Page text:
Thirupaachi (2005) sees Vijay scheme plans to take down three prominent criminals in Chennai city, while Vijay and Trisha are out to seek vengeance in Aathi (2006) and the protagonist fights against a big rowdy in Kadapa who has enslaved his father in Kuruvi (2008). Therefore, every time the actors met on the reel, they saw a lot of blood. Nestled amidst all these is their romance, which was sometimes aided by strong characterisation and depth in the writing, but often benefitted from the pair’s crackling chemistry.
On The Move
In Leo, Parthiban is living in Himachal Pradesh with his family, probably owning a small chocolate shop. However, by the looks of it, he seems to be running away from his past, situated in a different place. The change in place has been another common phenomenon observed in the other four films. While his little trip to Madurai is what changes his life in Ghilli, Thirupaachi is based on the concept of “unknown dangers in moving to a bigger city like Chennai from a rather quiet village” even though the storytelling is decidedly over-the-top. Likewise, Vijay travels from New Delhi to Chennai in Aathi and goes to Malaysia and Kadappa in search of his father in Kuruvi. He was running towards the problem in all of these films unlike Leo, where the problems seem to chase him.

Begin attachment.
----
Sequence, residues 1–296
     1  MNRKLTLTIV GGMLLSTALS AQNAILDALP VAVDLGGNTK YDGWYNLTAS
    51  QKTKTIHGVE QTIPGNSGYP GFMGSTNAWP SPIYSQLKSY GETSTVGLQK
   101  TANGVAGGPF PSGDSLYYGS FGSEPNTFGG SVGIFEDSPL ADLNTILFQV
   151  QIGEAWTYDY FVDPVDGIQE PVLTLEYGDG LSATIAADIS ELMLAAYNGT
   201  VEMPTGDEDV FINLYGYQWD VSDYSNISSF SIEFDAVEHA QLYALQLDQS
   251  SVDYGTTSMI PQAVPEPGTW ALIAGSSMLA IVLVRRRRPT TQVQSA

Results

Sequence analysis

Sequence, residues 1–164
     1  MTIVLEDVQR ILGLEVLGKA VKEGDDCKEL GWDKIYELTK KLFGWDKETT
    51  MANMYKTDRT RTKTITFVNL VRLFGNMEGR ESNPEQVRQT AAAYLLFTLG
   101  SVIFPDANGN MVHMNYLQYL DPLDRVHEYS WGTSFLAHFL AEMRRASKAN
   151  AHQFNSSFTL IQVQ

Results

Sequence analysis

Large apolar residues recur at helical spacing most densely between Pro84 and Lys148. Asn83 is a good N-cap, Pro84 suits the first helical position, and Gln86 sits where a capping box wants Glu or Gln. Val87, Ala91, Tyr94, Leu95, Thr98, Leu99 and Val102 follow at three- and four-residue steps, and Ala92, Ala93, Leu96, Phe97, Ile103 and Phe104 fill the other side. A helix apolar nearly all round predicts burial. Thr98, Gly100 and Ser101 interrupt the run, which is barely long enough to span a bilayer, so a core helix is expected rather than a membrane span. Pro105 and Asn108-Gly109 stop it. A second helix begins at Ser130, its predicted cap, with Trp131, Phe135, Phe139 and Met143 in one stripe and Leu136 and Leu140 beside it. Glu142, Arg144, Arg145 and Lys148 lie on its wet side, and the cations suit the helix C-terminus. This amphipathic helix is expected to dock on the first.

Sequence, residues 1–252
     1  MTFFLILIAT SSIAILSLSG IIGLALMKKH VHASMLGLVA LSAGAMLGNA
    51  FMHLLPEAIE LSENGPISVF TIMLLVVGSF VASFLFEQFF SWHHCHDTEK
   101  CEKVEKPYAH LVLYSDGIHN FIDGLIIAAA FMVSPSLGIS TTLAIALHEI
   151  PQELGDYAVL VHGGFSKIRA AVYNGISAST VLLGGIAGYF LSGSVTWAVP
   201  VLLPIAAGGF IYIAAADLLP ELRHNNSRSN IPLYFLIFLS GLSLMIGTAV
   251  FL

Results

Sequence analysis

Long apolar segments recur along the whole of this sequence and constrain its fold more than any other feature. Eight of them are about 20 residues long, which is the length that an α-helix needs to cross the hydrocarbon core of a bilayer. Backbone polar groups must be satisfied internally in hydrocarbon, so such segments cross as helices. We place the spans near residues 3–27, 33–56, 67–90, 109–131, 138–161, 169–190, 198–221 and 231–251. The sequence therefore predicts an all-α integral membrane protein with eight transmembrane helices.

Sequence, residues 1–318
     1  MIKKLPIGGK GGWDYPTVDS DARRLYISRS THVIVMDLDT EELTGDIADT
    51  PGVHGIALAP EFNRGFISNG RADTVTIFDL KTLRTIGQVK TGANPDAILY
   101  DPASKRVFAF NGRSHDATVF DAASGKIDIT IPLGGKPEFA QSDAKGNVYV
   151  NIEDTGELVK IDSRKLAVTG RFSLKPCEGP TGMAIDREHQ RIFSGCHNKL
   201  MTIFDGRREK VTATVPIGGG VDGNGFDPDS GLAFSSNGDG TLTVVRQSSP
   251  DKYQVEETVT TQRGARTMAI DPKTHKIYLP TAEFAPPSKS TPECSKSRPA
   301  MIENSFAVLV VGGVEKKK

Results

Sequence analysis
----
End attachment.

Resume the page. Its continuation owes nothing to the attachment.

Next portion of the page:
As a kid, I remember rewatching Aathi so many times that the CDs ended up with countless scratches, and eventually, all I could see was the garbled screen. And there's a reason for that. The speciality of this Athanokkade-remake is that after Ghilli, it was Aathi that had the best characterisation of the lead characters. It does take a templated route in the second half, but up until then Vijay has no action sequences and we see Trisha in action, often scheming revenge against those who destroyed her family. The intro sequence of her, decked in whites like an angel, with a twist you don’t see coming in the form of a murder has a rich rewatch value. Even when the film surrenders completely to the hero, it doesn’t suddenly make Trisha a damsel in distress in need of a saviour. She still gets to attack an antagonist and fume with years of suppressed anger.